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Enhanced Recovery Benefits Surgical Patients

Enhanced recovery after surgery (ERAS) is a multimodal perioperative care pathway designed for the early recovery of patients undergoing surgery. (To watch a video about ERAS at Duke, visit https://www.youtube.com/watch?v=iUQe1QOgyRs.) Despite adoption in Europe and a 2014 Duke-led study demonstrating that enhanced recovery worked well for colorectal cancer patients, it can be challenging for institutions to change from traditional approaches in perioperative care.

A national effort is now underway to spread the evidence-based findings on earlier recovery. Spearheaded by co-author of the 2014 study, Julie K. Marosky Thacker, MD, the American College of Surgeons is sponsoring the national initiative to reduce hospital stays and readmissions with this approach. She is co-founder of the nonprofit American Society for Enhanced Recovery to educate operating-room teams and says that many traditional practices have been disproved.

Examples of the new recommended practices that were tested and became formal Enhanced Recovery Focus Elements at Duke include:

  • Asking patients to not ingest food for a period of only 6 hours before colorectal surgery
  • Ensuring that a patient is strong or participates in a strengthening program before surgery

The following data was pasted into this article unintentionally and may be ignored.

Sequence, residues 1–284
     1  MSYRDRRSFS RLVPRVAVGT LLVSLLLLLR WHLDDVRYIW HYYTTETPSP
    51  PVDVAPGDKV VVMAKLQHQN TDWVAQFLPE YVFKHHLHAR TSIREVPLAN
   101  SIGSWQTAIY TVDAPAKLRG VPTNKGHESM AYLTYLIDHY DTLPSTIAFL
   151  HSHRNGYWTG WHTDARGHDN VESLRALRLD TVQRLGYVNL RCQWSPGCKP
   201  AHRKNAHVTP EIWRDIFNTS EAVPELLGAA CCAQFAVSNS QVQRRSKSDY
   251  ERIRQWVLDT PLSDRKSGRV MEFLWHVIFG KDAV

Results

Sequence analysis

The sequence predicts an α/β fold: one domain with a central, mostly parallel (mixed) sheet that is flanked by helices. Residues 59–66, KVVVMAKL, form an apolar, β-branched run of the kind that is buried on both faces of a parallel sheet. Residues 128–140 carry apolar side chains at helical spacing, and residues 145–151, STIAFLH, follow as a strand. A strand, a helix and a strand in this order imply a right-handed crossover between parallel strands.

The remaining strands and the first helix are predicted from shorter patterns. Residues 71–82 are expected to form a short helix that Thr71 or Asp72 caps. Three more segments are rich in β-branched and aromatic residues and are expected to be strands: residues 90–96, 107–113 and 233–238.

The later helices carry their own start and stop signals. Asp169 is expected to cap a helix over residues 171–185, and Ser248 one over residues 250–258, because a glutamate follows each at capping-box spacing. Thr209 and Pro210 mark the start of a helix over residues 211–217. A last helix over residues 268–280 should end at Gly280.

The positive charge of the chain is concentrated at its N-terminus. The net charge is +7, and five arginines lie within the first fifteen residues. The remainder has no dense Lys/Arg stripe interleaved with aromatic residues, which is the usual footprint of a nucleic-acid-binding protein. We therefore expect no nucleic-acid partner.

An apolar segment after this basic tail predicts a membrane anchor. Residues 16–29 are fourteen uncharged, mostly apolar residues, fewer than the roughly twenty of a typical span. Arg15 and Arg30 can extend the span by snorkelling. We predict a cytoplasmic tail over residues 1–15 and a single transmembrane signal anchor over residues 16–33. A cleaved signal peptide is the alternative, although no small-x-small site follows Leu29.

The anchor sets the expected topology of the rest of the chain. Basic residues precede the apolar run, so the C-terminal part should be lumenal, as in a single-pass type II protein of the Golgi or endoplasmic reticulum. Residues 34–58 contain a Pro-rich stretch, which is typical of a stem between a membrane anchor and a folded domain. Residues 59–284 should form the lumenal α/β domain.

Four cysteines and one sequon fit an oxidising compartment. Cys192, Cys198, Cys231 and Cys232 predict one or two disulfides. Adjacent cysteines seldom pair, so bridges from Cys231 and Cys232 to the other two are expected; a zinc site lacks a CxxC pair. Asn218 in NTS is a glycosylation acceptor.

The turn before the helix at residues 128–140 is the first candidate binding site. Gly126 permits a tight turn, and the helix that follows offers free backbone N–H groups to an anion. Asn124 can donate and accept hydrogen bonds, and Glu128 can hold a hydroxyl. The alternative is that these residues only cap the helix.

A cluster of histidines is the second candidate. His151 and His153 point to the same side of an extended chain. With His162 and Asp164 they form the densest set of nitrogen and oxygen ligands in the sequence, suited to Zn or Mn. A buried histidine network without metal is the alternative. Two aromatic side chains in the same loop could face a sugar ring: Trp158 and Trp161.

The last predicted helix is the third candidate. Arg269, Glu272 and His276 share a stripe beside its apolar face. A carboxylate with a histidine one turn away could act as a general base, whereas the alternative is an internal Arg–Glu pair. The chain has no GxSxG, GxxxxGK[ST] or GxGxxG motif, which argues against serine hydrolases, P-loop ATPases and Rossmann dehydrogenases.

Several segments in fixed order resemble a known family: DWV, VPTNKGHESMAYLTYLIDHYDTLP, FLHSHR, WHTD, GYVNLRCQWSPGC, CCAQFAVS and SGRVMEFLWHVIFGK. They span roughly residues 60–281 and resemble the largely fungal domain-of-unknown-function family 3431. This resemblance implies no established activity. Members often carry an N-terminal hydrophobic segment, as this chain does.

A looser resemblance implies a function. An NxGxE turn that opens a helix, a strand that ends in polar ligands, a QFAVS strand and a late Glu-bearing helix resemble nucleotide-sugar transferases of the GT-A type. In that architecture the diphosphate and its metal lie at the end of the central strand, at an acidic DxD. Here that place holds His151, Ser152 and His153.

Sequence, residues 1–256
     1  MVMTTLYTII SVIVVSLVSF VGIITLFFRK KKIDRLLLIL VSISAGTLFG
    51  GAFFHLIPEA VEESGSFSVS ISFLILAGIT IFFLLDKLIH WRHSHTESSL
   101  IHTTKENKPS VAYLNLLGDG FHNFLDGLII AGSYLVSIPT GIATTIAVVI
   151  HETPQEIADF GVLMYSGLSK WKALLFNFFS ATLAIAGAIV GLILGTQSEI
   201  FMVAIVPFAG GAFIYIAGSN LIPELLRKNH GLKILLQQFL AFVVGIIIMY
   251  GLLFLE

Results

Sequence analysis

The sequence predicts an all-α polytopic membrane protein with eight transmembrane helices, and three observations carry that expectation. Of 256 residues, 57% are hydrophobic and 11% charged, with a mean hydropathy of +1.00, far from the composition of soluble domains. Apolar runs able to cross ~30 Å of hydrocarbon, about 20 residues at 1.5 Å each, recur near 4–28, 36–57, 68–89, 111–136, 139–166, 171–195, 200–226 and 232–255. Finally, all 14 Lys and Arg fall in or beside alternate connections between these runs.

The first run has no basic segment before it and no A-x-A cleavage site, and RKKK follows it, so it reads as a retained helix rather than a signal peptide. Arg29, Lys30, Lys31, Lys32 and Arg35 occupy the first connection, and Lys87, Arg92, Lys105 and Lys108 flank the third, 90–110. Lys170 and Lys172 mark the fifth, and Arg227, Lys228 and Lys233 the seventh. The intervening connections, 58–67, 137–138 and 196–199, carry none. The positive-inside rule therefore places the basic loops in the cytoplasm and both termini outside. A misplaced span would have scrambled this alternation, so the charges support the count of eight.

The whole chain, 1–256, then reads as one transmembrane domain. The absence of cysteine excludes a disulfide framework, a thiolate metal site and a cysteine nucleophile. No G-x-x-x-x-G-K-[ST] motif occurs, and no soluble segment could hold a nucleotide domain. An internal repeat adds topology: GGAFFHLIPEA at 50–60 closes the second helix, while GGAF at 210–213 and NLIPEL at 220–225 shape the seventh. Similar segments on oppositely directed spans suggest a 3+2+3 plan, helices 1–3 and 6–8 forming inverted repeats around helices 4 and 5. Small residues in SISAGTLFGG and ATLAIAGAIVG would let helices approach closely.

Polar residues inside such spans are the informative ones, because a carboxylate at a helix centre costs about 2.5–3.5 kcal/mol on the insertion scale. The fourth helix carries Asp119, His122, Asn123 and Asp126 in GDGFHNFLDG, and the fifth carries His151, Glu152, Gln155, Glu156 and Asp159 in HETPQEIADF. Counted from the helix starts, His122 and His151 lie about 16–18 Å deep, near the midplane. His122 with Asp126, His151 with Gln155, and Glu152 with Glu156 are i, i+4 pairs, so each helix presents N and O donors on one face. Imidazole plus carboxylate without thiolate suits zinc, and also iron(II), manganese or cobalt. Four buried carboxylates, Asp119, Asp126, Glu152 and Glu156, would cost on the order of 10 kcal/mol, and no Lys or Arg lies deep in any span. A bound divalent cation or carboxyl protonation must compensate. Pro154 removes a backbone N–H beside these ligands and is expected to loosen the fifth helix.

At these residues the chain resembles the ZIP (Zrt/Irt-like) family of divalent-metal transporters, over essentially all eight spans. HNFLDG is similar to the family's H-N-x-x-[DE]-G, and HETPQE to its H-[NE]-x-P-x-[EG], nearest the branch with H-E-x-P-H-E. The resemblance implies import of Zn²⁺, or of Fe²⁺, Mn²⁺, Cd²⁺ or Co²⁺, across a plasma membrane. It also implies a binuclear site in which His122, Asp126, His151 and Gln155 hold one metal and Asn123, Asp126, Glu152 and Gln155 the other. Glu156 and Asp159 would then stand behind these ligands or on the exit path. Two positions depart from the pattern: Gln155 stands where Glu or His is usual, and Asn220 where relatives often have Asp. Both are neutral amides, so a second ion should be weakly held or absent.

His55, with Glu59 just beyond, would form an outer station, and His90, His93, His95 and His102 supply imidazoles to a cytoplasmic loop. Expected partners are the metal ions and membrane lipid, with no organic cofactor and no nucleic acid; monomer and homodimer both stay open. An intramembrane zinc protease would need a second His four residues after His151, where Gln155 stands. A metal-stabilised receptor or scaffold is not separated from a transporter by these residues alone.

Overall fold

• Emphasizing an early diet and early mobility as soon as possible after surgery to strengthen a patient.

Although surgeons generally infuse fluid during surgery (wartime studies had showed the practice to be beneficial and to confer extended survival in trauma patients), this practice isn’t necessary for the average patient, Thacker says. “Giving extra IV fluids to overcome the starvation we’ve imposed on patients leads to worse outcomes,” such as preventing bowel function from returning to normal, she said in a March 31, 2015, Wall Street Journal article.

In addition to colorectal surgery, the ERAS approach has been expanded at Duke University Hospital to include bladder, pancreas, gynecologic, and liver surgeries. ERAS is particularly beneficial in patients who have a risk of complication, such as those with cancer.

In a May 2014 article published in the journal Anesthesia & Analgesia, Duke researchers reported that the enhanced recovery approach used for colorectal surgery cut hospital admissions from an average 7 days to 5 and reduced the rate of readmissions by one-half.

The Duke team collected data from 241 consecutive patients at Duke University Hospital undergoing open or laparoscopic colorectal surgery during two time periods: before the enhanced recovery approach was implemented and after. Ninety-nine patients were cared for in the traditional approach, and 142 received enhanced recovery. Cost savings were seen in about 85% of the ERAS patients, estimated at about $2,000 per patient.